Today work is being done on the post-MARC data schema. However, how the proposed new schema might change the daily work of catalogers is unclear. There is some anxiety in the cataloging community about this, and it is understandable. What I unfortunately see is a growing distrust of this development on the part of the data creators in our profession. It has not been made clear what their role is in the development of the next "MARC," not even whether their needs are a driving force in that development. Surely a new model cannot be successful without the consideration (or even better, the participation) of the people who will spend their days using the new data model to create the library's data.

(An even larger question is the future of the catalog itself, but I hardly know where to begin on that one.)

If it Ain't Broke...

The push-back against proposed post-MARC data formats is often seen as a blanket rejection of change. Undoubtedly this is at times the case. However, given that there have now been multiple generations of catalogers who worked and continue to work with the MARC record, we must assume that the members of the cataloging community have in-depth knowledge of how that format serves the cataloging function. We should tap that knowledge as a way to understand the functionality in MARC that has had a positive impact on cataloging for four decades, and should study how that functionality could be carried forward into the future bibliographic metadata schema.

I asked on Twitter for input on what catalogers like about MARC, and received some replies. I also viewed a small number of presentations by catalogers, primarily those about proposed replacements for MARC. From these I gathered the following list of "what catalogers like about MARC." I present these without comment or debate. I do not agree with all of the statements here, but that is no matter; the purpose here is to reflect cataloger perspectives.

(Note: This list is undoubtedly incomplete and I welcome comments or emails with your suggestions for additions or changes.)

What Catalogers Like/Love About MARC

There is resistance to moving away from using the MARC record for cataloging among some in the Anglo-American cataloging community. That community has been creating cataloging data in the MARC formats for forty years. For these librarians, MARC has many positive qualities, and these are qualities that are not perceived to exist in the proposals for linked data. (Throughout the sections below, read "library cataloging" and variants as referring to the Anglo-American cataloging tradition that uses the MARC format and the Anglo-American Cataloging Rules and its newer forms.)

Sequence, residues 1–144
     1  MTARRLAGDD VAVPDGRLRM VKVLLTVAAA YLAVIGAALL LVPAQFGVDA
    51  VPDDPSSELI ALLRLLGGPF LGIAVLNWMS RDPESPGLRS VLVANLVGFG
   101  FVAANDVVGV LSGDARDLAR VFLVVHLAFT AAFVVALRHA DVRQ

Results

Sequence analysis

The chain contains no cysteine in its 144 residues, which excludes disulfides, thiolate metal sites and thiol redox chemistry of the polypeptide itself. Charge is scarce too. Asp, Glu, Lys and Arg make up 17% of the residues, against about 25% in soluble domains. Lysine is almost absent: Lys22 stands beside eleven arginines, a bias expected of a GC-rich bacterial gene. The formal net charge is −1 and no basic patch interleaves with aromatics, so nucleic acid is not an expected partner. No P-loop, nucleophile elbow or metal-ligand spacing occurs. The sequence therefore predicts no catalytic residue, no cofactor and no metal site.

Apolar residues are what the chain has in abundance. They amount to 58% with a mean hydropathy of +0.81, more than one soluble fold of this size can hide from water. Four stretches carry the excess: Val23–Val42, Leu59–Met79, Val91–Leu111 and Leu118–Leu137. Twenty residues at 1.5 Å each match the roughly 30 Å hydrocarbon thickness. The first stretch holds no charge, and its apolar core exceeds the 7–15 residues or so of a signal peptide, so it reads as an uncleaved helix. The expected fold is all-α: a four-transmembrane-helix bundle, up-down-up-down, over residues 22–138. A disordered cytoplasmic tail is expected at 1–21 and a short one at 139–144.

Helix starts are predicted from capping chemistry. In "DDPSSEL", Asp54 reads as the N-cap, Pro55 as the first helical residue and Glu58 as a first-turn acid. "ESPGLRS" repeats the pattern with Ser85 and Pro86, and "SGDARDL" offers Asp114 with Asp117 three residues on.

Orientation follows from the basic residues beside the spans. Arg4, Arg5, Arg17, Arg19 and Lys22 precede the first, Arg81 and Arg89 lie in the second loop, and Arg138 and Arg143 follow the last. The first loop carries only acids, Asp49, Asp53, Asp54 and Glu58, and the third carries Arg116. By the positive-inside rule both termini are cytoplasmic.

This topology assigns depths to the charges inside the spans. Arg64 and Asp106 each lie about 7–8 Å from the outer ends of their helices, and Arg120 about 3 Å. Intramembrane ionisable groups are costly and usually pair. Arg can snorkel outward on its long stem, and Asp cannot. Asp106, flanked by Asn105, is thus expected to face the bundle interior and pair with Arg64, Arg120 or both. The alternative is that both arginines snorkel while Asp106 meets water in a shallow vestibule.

MARC is Familiar

Library cataloging makes use of a very complex set of rules that determine how a resource is described. Once the decisions are made regarding the content of the description, those results are coded in MARC. Because the creation of the catalog record has been done in the MARC format since the late 1970's, working catalogers today have known only MARC as the bibliographic record format and the cataloging interface. Catalogers speak in "MARC" - using the tags to name data elements - e.g. "245" instead of "title proper".


Those who work with MARC consider it to be "human readable." Most of the description is text, therefore what the cataloger creates is exactly what will appear on the screen in the library catalog. If a cataloger types "ill." that is what will display; if the cataloger instead types "illustrations" then that is what will display. In terms of viewing a MARC record on a screen, some cataloger displays show the tags and codes to one side, and the text of those elements is clearly readable as text.

MARC Gives Catalogers Control

The coding is visible, and therefore what the cataloger creates on the screen is virtually identical to the machine-readable record that is being created. Everything that will be shown in the catalog is in the record (with the exception of cover art, at least in some catalogs). The MARC rules say that the order of fields and subfields in the record are the order in which that information should be displayed in the catalog. Some systems violate this by putting the fields in numeric order, but the order of subfields is generally maintained. Catalogers wish to control the order of display and are frustrated when they cannot. In general, changing anything about the record with automated procedures can un-do the decisions made by catalogers as part of their work, and is a cause of frustration for catalogers.

MARC is International